Parents are fearful following deaths linked to Denver gangs

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Photo: Gangs Latonia and son from Montbello
Latonia Smith, with her 15-year old son L.B., says she tries to make sure she knows where her sons are at all times.

Parents in neighborhoods with high levels of gang activity are fearful about a recent spike in gang violence. Denver police have linked eight murders since the beginning of the year to gangs.

Latonia Smith of Montbello -- a neighborhood in northeast Denver where many low-income families live -- is raising eight children, including step-children and great-grandchildren. She knows of relatives who were injured in gang-related shootings and worries her own children could be victims.

"It's just really painful to me to think that my kids can be just randomly shot for no reason," says Smith.

She says she always knows what her teenaged boys are doing and makes sure they check in with her.

Denver Police Cmdr. Mark Fleecs, who oversees the city's gang bureau, says a lot of the recent violence can be attributed to a cycle of retaliation.

"You know when somebody from one group is the victim of a violent crime, the likelihood of retaliation is pretty high," says Fleecs. "It's human nature -- they want to reach out and strike back."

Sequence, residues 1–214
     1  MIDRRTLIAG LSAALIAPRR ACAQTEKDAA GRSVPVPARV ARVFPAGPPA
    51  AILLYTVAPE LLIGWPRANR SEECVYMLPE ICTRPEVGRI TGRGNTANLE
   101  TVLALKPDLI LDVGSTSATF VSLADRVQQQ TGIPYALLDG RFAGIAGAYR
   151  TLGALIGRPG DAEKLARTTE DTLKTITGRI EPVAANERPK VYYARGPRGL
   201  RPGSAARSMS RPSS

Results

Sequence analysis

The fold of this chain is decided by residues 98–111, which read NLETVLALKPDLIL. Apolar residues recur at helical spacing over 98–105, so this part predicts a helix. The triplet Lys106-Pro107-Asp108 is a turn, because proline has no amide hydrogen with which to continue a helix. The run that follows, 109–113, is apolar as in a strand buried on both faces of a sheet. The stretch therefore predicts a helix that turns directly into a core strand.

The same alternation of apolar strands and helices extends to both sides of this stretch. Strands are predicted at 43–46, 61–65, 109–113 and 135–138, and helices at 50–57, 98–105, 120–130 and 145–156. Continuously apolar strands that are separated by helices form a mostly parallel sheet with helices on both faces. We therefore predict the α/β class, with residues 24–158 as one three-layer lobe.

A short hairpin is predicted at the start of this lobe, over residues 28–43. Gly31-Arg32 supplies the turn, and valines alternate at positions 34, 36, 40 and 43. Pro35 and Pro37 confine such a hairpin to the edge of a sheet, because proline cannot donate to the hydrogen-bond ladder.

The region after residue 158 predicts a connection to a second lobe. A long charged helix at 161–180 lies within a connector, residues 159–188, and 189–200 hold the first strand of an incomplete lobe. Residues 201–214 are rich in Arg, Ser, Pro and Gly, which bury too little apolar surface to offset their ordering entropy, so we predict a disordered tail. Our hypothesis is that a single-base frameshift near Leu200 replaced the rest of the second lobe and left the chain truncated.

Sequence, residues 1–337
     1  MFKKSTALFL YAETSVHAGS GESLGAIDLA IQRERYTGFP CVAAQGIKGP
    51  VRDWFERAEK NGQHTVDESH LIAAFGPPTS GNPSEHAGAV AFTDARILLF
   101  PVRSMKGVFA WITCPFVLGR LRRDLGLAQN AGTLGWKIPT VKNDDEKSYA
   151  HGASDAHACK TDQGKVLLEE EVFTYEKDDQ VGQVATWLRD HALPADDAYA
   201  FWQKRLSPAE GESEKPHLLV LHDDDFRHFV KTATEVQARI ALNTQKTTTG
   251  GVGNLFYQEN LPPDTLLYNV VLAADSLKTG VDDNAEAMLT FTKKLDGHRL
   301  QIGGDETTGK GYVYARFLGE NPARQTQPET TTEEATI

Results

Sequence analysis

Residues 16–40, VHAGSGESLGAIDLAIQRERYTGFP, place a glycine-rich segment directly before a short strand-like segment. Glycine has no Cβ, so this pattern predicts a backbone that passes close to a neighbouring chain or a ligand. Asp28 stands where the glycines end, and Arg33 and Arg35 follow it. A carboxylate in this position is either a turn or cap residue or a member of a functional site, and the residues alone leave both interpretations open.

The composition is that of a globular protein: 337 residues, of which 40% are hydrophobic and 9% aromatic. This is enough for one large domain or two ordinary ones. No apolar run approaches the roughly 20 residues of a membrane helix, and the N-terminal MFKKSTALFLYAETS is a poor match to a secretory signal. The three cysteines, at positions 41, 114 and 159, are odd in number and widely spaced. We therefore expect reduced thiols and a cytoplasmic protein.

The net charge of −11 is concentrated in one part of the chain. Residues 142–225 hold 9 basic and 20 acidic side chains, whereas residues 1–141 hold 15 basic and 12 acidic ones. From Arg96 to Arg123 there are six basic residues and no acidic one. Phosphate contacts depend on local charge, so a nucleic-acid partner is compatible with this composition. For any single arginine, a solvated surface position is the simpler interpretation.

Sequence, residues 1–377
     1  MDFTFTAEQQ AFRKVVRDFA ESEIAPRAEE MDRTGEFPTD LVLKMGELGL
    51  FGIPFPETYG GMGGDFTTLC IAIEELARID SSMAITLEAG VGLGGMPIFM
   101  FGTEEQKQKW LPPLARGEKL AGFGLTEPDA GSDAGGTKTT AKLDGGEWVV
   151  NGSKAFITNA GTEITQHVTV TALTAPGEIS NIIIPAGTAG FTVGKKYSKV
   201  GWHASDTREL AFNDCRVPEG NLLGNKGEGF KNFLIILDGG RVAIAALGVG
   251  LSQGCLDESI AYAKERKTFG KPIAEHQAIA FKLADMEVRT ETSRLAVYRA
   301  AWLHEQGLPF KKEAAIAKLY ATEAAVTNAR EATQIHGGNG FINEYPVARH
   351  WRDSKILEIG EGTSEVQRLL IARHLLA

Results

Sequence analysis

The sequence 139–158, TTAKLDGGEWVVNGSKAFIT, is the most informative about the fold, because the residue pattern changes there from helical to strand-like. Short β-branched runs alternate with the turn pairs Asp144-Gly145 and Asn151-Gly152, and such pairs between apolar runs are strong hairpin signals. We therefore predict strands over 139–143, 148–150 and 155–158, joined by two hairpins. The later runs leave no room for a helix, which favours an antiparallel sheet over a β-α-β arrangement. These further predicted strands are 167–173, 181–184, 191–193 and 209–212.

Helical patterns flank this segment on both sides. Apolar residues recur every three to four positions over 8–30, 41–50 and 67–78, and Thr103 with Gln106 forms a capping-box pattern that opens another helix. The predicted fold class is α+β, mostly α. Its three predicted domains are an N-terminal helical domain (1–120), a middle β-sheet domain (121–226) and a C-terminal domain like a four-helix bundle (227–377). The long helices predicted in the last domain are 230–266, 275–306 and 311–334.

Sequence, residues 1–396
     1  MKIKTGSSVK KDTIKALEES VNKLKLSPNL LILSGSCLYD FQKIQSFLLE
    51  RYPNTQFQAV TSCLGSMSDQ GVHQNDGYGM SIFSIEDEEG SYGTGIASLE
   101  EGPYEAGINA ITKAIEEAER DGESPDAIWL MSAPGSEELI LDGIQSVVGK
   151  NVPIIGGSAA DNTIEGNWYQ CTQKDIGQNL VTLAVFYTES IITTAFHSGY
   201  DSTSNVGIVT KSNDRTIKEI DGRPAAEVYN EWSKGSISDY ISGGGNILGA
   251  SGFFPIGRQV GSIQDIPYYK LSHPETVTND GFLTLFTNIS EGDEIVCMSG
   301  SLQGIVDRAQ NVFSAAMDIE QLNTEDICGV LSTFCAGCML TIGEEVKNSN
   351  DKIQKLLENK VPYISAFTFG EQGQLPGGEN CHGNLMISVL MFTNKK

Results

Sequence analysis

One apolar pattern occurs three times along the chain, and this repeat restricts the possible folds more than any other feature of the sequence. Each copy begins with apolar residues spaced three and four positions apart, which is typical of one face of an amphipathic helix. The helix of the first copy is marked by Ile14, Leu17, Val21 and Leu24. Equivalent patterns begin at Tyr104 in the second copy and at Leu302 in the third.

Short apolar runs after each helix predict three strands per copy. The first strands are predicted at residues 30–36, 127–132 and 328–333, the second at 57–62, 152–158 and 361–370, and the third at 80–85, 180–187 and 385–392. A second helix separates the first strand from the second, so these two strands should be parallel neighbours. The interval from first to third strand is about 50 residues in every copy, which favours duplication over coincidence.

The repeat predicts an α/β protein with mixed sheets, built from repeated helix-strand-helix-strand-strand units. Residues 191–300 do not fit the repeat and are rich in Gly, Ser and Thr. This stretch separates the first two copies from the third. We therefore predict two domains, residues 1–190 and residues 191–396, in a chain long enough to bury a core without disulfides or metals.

Fleecs says some of the recent killings started as disputes on social media, which is a phenomenon police gang units across the country are facing. While he can't point to any one factor that leads kids to gangs, Fleecs believes much of it has to do with poverty and home life.

"A lot of these kids, when they join gangs, they're looking to fill a void," says Fleecs. "And a lot of times they... lack positive role models and there's a lack of parental involvement and family structure."

Pastor Derone Armstrong of Denver recently presided over the funeral of his nephew who was killed while attending a baby shower.

"And someone just ran up and shot him in the heart and killed him," says Armstrong. "They are saying it's gang violence. I believe it is, because his past life, he was involved in gangs. But he had changed his life and was on a good road. "

Armstrong, who's with Battleground Christian Community Outreach east of Denver, says he hears from a lot of families at his church who are concerned about gang violence. He's developed a mentoring program to match up at-risk kids with older role-models.

This story is part of our ongoing exploration of Colorado kids who are living in poverty, how it affects their lives and our common future. We'd like to hear your ideas about about what can be done about child poverty in Colorado. Share your thoughts through our Public Insight Network.